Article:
The Legend of Georgia McBride – Review by Tom Holehan

The Hartford theatre scene has been a welcoming one for playwright Mathew Lopez. Over the past few seasons, the writer has been represented at Hartford Stage with three of his plays, “The Whipping Man”, “Somewhere” and “Reverberation”. Currently at Hartford’s intimate Theaterworks is Lopez’s drag sitcom with music, “The Legend of Georgia McBride”. The playwright has never written the same play twice.

Casey (a boyish Austin Thomas) is eking out a living working as an Elvis impersonator at a seedy club in a small Florida town. When the club owner (J. Tucker Smith) brings in his cousin and professional drag queen Tracy Mills (Jamison Stern, a hoot) to help boost business (an unlikely assumption), Casey finds himself out of his singing job and relegated to bartender. Meanwhile Tracy’s friend, Rexy (Nik Alexander), a flamboyant performer specializing in Edith Piaf, has also joined the club for a double-bill of drag. Rexy, however, is soon passed out drunk the very first night leaving an opening in the performance spotlight. Enter Casey who is quickly slipping on nylons and a wig while learning to lip-sync some Piaf classics. The comedy comes from the culture shock of a straight man reduced to drag in order to pay the bills. Those bills have suddenly increased with the recent pregnancy of his wife, Jo (Samaria Nixon-Fleming), who is clueless about her husband’s new job.

The acting here isn’t always convincing but Stern is an obvious stand-out playing the comedy’s best-written part which includes his very funny take on Judy Garland complete with booze and pill-popping. Alexander, doing double-duty as both the flashy Rexy and Jason, Casey’s amiable next door neighbor, is also memorable. In the lead role, Thomas is likable and his initial venture into “becoming” Edith Piaf is fitfully funny though I wasn’t always captivated by the bland country singer persona he embodies for the rest of the play. In thankless roles both Smith and Nixon-Fleming add little to the proceedings.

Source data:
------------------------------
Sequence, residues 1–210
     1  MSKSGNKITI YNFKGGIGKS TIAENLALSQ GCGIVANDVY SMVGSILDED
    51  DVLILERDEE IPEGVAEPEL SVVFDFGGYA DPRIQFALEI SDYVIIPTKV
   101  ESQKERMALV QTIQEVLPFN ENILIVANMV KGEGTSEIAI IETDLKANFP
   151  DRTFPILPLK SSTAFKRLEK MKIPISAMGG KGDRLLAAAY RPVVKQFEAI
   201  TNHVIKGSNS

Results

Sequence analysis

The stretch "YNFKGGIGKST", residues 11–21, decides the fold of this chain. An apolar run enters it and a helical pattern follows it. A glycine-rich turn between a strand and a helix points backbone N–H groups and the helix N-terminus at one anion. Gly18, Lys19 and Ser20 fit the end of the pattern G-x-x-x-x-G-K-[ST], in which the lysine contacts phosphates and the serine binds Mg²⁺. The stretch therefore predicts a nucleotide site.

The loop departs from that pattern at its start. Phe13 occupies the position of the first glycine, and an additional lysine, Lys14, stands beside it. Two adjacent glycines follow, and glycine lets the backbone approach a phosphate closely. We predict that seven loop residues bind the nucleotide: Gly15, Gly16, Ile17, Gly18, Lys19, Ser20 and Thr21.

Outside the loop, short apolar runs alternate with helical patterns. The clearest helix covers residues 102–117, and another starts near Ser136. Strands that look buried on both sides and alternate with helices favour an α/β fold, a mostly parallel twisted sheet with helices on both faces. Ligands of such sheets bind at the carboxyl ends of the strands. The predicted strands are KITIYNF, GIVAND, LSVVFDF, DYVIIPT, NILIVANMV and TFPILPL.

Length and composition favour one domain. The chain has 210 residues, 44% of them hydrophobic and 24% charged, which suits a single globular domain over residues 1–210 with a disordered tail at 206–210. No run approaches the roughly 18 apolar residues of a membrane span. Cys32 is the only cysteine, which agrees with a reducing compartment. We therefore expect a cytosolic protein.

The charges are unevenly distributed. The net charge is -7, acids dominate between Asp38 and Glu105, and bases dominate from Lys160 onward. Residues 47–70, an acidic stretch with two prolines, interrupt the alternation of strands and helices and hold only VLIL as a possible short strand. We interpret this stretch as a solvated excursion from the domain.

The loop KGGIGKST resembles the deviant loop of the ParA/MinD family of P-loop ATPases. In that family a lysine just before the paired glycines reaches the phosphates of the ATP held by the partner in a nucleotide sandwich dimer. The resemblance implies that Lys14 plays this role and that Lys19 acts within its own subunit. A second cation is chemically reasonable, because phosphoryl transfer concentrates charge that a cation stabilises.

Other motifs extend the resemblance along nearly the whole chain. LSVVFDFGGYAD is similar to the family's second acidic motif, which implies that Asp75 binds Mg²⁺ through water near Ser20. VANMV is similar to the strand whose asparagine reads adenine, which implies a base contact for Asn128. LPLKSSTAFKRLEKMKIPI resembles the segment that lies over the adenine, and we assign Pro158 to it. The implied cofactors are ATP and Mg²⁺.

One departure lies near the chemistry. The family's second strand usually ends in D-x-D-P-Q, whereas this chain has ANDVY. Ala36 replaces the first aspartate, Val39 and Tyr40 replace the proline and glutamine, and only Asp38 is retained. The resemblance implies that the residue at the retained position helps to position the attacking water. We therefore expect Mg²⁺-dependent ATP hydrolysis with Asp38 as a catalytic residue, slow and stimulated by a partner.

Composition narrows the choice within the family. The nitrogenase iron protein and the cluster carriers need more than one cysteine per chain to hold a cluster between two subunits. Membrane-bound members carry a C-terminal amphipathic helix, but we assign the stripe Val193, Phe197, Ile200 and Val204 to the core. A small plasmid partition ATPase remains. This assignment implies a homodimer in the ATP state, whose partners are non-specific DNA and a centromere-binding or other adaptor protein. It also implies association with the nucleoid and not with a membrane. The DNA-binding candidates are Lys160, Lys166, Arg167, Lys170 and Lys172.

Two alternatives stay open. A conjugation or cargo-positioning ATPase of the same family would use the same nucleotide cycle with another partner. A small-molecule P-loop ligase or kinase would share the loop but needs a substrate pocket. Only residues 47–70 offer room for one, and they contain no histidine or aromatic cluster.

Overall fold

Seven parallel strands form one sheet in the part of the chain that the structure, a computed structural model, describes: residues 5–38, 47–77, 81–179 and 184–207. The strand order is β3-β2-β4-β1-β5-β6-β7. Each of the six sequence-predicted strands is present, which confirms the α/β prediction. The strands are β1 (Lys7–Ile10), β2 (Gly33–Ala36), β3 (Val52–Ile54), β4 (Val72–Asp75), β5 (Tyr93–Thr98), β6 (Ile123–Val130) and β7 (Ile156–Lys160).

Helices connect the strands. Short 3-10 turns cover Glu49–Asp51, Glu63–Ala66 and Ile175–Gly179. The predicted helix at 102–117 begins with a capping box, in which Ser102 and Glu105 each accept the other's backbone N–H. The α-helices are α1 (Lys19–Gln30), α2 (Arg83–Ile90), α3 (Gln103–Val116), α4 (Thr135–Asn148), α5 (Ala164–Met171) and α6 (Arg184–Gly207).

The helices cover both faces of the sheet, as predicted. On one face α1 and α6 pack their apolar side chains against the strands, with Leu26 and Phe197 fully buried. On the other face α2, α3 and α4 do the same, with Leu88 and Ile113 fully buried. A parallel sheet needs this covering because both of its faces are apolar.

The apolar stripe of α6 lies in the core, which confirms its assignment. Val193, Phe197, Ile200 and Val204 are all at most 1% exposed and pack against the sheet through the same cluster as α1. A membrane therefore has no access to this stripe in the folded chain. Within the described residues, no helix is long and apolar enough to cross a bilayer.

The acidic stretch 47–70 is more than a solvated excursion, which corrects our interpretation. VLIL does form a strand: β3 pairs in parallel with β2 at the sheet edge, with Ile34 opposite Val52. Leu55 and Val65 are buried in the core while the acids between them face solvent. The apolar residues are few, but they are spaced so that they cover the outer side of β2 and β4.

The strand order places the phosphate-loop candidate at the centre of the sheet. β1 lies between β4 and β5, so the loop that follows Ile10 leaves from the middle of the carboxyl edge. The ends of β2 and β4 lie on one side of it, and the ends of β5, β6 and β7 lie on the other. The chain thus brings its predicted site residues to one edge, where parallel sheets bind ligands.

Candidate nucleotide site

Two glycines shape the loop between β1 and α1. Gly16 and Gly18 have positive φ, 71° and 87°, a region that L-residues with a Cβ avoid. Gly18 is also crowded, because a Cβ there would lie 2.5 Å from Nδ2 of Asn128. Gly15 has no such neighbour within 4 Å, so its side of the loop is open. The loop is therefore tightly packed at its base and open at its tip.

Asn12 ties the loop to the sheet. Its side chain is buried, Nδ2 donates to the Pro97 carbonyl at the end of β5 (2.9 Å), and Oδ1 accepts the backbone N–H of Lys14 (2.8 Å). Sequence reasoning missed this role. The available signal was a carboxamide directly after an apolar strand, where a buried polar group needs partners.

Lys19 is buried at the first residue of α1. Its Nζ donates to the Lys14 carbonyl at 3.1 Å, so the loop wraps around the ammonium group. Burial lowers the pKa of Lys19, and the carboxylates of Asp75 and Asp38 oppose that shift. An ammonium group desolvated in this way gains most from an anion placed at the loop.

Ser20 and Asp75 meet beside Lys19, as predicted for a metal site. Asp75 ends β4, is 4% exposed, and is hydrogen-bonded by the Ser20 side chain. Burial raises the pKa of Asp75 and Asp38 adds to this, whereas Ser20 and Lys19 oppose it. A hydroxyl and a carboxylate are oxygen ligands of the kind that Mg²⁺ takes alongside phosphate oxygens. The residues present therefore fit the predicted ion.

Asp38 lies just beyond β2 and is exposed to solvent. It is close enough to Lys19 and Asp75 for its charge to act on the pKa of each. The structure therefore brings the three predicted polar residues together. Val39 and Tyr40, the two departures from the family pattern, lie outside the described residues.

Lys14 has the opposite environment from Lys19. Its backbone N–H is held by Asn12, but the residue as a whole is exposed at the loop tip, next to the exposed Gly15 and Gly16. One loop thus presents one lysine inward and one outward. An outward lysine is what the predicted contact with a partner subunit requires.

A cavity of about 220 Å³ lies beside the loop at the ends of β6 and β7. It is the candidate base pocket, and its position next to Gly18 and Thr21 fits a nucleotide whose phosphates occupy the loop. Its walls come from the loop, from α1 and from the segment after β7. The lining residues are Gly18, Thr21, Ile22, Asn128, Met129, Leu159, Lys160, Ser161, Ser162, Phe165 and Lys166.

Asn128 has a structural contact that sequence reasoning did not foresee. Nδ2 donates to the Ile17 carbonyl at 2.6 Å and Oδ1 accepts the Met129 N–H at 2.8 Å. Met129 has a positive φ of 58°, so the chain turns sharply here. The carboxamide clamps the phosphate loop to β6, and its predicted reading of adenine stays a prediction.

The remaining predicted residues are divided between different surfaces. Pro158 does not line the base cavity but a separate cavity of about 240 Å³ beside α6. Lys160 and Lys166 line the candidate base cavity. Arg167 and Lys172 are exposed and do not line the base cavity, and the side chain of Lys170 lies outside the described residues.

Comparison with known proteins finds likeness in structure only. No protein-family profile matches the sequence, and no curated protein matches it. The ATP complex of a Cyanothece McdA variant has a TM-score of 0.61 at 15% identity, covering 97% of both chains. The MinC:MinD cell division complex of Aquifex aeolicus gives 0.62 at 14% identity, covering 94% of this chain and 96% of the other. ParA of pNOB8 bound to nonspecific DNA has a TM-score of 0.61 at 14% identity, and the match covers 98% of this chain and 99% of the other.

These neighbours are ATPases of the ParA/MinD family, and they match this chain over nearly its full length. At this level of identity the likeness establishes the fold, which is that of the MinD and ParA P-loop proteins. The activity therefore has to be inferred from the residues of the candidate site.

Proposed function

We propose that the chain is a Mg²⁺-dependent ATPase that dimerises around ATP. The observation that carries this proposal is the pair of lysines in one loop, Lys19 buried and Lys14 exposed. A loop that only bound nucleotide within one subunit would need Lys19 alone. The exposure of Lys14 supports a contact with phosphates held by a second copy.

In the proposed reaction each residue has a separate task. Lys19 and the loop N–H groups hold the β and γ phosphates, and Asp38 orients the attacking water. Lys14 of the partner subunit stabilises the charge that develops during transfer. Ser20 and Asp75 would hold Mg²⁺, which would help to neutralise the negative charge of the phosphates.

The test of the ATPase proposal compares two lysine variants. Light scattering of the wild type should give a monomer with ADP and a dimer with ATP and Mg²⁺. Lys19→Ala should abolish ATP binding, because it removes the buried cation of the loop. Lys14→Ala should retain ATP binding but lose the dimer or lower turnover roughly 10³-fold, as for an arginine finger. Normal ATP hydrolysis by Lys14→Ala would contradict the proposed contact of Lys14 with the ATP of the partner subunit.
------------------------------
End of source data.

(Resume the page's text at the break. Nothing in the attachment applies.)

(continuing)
Paul Tate dePoo III’s set design comes up with an appropriately cluttered backstage and dressing room area as well as Casey and Jo’s modest apartment. Leon Dobkowski’s ambitious costuming is fast and furious as the drag performances escalate. And of special note is Mark Adam Rampmeyer’s wig design which is everything outrageous you’d expect under the circumstances.

Still, there is little fresh or original here that hasn’t been done previously under better circumstances and the play’s eventual plea for tolerance never really seems earned. By impersonating women, Casey becomes a more responsible man much in the way that Dustin Hoffman’s “Tootsie” did way back in 1982. There’s no doubt, however, that TheaterWorks’ enthusiastic audience is up for anything that Lopez and ace director Rob Ruggiero are ready to reveal. Ultimately, one’s enjoyment of “Georgia McBride” may be in direct proportion to how hilarious and entertaining you find lip-synching drag queens to be.

“The Legend of Georgia McBride” continues at TheaterWorks in Hartford through Sunday, April 22. For further information or ticket reservations call the theatre box office at 860.527.7838 or visit:

Tom Holehan is one of the founders of the Connecticut Critics Circle, a frequent contributor to WPKN Radio’s “State of the Arts” program and Artistic Director of Stratford’s Square One Theatre Company. He welcomes comments at: His reviews and other theatre information can be found on the Connecticut Critics Circle website:

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